Anger in the Air

Barbara Stanwyck in SORRY, WRONG NUMBERThanks to Caller ID, I don’t answer unidentified or unfamiliar readouts. Yesterday, when I read the name of my bank, I picked up, thinking the call might be important.

It was a survey call. A man informed me that he represented some company that was conducting a survey for my bank and would I participate? As I wasn’t particularly rushed, I said I would.

One of the first questions was this: “Have you visited a branch during the past two weeks?”

I said I had.

His next question was this: “Did you go there in person?”

I laughed. “How else would I have visited the branch,” I asked, “if I hadn’t gone there in person?”

I didn’t really expect him to respond. I know that telemarketers read from a script. To my surprise, he did respond. He said that he didn’t appreciate my remark. He said that I could have made a phone call to the branch.

I don’t think that phoning the bank is the same as visiting the bank, but I decided to keep quiet and answer his questions without further commentary. I could tell that he was annoyed.

With each additional question, his voice became tenser and higher. The words came more and more rapidly until he was speaking so fast the last question was barely comprehensible.

This was, by the way, a native American English speaker.

I could feel the rage from this man whom I didn’t know—who didn’t know me—pouring out of the telephone into my private space.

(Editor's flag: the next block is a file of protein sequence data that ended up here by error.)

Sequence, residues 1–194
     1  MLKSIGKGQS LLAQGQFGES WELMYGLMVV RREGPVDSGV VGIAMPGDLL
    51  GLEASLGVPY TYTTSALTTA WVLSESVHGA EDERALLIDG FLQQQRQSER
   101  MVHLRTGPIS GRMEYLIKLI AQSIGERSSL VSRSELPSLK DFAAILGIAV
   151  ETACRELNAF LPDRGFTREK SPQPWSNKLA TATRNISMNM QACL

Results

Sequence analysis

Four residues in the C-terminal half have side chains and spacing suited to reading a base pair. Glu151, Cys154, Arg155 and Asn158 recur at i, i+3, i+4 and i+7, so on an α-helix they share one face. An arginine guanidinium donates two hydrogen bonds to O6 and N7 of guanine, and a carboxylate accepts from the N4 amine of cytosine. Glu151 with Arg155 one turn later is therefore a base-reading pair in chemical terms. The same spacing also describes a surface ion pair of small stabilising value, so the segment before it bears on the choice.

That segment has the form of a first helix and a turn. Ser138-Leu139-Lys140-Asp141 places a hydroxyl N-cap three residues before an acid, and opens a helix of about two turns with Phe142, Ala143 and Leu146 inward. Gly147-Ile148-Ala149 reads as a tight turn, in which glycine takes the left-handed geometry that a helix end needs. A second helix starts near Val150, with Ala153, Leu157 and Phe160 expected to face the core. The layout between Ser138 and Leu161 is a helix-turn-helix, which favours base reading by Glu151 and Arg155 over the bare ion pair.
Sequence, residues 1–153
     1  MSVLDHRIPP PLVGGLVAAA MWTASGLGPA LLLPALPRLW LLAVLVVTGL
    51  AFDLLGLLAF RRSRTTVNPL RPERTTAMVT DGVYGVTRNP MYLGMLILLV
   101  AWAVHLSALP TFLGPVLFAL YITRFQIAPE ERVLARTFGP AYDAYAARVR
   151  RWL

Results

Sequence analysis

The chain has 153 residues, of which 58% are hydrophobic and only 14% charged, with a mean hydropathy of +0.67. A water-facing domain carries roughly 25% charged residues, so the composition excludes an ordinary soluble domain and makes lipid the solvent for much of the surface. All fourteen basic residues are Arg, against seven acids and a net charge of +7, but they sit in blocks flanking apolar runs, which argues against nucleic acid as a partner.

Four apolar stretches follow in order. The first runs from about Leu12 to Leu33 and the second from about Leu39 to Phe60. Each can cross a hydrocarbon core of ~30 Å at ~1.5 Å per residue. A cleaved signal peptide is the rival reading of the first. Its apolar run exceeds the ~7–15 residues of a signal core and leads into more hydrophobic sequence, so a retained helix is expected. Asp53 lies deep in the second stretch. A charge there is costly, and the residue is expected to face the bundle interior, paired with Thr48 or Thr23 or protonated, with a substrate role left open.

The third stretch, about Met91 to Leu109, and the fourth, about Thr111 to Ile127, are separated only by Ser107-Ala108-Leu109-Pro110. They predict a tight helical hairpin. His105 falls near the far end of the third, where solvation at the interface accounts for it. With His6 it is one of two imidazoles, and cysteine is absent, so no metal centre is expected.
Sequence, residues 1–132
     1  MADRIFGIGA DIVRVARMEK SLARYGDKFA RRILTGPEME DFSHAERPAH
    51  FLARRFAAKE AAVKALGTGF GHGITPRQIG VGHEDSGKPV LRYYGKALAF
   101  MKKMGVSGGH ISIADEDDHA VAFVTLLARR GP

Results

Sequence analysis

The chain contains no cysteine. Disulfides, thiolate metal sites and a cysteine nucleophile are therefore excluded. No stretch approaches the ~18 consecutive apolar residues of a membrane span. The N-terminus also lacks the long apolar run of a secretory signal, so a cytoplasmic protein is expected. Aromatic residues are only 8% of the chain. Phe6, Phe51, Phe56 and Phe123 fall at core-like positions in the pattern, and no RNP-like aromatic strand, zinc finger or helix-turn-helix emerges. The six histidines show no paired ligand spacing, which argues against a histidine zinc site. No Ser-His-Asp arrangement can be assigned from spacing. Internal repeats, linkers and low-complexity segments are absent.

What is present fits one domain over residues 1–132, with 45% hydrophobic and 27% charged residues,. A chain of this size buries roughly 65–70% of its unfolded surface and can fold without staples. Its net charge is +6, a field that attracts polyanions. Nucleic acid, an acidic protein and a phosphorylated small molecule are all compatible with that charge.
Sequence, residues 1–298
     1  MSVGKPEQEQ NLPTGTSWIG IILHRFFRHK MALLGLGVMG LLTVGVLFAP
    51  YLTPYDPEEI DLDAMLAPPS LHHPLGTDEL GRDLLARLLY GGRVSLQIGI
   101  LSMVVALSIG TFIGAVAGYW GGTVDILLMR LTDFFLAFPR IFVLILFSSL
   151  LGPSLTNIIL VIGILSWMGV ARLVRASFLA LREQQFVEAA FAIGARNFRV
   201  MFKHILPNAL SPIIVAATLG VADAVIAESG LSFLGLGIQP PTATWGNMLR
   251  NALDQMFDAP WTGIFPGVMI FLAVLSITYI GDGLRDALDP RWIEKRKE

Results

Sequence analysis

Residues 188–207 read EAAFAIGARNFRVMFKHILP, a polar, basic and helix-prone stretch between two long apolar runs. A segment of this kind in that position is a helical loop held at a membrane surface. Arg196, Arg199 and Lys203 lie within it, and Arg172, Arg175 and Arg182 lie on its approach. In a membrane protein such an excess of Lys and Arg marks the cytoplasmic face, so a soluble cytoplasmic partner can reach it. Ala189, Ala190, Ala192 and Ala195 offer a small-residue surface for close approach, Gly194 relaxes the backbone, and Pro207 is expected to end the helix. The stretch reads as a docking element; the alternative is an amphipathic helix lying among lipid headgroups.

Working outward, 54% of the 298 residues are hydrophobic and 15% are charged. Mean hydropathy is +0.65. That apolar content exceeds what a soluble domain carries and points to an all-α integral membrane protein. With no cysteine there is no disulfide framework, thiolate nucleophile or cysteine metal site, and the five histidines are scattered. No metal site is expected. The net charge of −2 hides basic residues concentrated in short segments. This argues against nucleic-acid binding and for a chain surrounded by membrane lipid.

I said, “I can tell that you are very irritated with me. I am ending this telephone call now.” And I hung up.

I have no idea what kind of day he’d been having before he called me. It could be that I wasn’t the first person to laugh at the silly survey question. I do know that his anger left me shaken.

The experience set me to wondering. How many times a day has this kind of exchange between strangers been taking place lately? One speaker offers a criticism of some neutral subject; the other interprets the criticism as a personal affront and leaps angrily to defend and justify the thing criticized.

I laughed when asked if I “visited the branch in person,” because this is the definition of the verb “to visit” that fits the context:

to visit: to go to see (a person) in a friendly or sociable manner; to call upon as an act of friendliness or politeness, or for some special purpose.

In the context of “visiting a branch bank,” a person goes to the bank to conduct some sort of transaction that requires the person’s physical presence.

How can we hope to communicate rationally if 1. we don’t attach the same meanings to the common words we use, and 2. if we imagine that the slightest show of disagreement or criticism is a personal attack?

The world of social interaction has become a minefield.  I certainly won’t be participating in any more telephone surveys.